Update: Measure86has been defeated. Read an updated version of this story.
Oregon voters are so far split onMeasure 86, which would have allowed the state to borrow money to endow a fund for college financial aid.
At the close ofvoting Tuesday, 55 percent of voters were against the measure, while 45 percent were in support. About 32percent of votes had been counted.
The measure waschampioned by Oregon Treasurer Ted Wheeler, who proposed creating the endowment as an out-of-the-box way to help more young Oregonians afford college.
Oregon currently provides only about $250 a year of need-based financial aid per student enrolled in public universities and community colleges. That is 60 percent below the national average.
Ifthe measure is defeated, the Oregon Legislature will be left to fund college financial aid using money from the general fund, not by borrowing money and funding scholarships with the investment proceeds. Oregons higher education commission has requestedthe state increase its spending on financial aid by 60 percent, or about $66 million, in the next two year budget.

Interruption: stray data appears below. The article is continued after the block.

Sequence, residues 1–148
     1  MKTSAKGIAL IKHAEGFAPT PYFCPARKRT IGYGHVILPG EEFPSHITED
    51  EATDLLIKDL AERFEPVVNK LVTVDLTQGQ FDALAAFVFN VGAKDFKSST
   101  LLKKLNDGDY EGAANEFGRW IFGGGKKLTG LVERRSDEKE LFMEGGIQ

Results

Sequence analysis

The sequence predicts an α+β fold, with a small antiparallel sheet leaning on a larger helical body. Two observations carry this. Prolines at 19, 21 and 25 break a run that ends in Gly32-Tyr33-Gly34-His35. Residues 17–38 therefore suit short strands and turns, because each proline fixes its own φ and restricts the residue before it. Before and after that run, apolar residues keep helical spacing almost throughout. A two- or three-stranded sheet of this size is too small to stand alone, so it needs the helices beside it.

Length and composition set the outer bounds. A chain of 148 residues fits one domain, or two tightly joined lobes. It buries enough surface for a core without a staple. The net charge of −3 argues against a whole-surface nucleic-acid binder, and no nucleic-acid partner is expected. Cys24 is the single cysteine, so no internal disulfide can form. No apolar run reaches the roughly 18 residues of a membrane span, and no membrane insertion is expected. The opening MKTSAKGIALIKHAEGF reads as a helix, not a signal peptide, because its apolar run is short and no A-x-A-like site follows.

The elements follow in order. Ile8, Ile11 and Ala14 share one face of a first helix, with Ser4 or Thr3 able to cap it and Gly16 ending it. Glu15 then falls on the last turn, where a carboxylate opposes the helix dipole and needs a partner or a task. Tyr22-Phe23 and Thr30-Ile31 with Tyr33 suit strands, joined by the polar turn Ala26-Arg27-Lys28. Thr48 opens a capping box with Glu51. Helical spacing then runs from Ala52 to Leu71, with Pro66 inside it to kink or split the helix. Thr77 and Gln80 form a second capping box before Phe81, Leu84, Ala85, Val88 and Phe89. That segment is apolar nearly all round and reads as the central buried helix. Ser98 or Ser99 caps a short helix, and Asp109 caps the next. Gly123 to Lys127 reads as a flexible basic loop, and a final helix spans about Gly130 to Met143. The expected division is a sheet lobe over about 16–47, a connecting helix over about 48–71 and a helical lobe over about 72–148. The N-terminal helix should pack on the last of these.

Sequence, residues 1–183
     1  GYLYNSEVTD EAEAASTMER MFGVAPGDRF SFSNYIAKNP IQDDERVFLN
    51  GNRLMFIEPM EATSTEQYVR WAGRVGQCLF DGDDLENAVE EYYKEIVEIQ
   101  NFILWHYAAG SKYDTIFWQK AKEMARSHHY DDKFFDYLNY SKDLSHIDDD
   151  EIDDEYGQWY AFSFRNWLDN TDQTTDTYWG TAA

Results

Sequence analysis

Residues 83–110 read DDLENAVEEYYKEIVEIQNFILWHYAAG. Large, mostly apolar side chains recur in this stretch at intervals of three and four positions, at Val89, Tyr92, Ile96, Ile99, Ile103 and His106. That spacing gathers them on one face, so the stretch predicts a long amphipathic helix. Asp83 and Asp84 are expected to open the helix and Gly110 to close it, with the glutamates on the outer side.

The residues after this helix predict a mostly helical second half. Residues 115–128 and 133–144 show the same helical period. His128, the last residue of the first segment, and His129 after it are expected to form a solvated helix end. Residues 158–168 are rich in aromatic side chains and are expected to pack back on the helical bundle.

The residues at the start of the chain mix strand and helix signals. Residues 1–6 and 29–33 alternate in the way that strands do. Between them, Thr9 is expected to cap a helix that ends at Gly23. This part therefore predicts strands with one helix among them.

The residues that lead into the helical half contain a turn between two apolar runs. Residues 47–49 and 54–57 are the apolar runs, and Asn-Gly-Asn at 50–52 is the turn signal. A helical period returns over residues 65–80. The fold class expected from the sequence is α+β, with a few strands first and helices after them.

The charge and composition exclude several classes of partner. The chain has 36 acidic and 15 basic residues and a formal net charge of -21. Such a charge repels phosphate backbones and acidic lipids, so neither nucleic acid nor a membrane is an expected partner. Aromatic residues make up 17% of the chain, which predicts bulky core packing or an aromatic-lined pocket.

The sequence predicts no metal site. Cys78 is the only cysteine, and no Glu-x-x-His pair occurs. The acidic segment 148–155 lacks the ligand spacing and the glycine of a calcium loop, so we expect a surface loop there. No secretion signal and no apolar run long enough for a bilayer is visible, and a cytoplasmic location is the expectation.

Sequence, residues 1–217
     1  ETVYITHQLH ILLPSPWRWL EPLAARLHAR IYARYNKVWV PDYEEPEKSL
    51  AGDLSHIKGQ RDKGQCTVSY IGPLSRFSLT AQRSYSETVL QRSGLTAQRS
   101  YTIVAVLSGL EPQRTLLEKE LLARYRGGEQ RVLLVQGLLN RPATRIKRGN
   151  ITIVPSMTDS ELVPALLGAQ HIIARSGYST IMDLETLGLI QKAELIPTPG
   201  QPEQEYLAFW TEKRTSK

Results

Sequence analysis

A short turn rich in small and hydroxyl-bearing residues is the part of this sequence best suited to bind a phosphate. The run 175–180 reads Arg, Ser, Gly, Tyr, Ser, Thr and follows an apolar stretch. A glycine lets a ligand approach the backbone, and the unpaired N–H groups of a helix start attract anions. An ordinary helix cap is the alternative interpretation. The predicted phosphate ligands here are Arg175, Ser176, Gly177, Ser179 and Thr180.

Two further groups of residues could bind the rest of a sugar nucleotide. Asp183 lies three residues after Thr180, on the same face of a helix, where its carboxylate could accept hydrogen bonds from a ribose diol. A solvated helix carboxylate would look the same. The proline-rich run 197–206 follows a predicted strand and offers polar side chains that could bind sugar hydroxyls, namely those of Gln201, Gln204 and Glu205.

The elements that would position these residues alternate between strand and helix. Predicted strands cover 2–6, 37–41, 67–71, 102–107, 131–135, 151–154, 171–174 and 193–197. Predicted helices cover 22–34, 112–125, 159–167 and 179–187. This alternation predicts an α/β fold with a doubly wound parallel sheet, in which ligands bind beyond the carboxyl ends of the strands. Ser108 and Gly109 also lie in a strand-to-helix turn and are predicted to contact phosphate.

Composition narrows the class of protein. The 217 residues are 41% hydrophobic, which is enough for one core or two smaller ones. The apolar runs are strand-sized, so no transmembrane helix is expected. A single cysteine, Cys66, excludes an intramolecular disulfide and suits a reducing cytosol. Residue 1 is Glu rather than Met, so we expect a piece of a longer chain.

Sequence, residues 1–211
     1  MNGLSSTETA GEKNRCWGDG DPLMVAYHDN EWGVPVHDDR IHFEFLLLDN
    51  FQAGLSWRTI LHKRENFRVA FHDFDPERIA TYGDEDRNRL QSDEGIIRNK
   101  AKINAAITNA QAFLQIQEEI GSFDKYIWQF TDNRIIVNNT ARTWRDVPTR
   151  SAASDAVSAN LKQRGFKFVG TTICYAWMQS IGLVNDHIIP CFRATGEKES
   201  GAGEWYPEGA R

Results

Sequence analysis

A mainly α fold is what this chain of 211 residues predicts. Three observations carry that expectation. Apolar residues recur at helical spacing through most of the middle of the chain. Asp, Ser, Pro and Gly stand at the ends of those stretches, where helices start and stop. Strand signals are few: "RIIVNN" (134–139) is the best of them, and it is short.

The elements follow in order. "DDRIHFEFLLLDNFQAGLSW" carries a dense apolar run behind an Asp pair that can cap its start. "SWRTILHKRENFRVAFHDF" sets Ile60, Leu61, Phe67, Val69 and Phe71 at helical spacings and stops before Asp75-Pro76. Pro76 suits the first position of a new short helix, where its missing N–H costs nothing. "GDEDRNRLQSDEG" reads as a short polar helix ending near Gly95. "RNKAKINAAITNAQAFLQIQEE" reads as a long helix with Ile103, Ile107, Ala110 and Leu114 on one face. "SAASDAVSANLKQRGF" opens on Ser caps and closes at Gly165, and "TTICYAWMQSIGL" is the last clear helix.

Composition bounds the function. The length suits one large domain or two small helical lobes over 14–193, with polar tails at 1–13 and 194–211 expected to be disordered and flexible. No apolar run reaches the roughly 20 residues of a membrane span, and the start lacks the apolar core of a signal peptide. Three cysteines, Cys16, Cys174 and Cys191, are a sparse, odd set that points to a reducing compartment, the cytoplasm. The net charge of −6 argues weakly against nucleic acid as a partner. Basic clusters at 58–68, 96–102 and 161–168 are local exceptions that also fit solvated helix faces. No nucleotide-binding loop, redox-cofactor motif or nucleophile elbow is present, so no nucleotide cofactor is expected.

However, if the measure is passed, the Legislature will decide how much, if any, money it wants to borrow to put in the new fund.
Wheeler has said he hopes lawmakers will seed the fund with $100 million, to be repaid by Oregon taxpayers over the next 30 years. A $100 million endowment would generate $5 million a year worth of college scholarships, with investment returns above 5 percent used to grow the endowment, Wheeler has said.
There was no organized opposition to the measure, and only one argument against it appeared in the Voters Pamphlet. Measure 86 was widely endorsed by business, labor and pro-student groups, but Wheeler spent and raised only about $90,000 to promote it.
Measure 86 was endorsed by the Salem Statesman-Journal, the Eugene Register-Guard, the East Oregonian and Willamette Week.The Bend Bulletin and The Oregonian both urged a no vote on Measure 86.
-- Betsy Hammond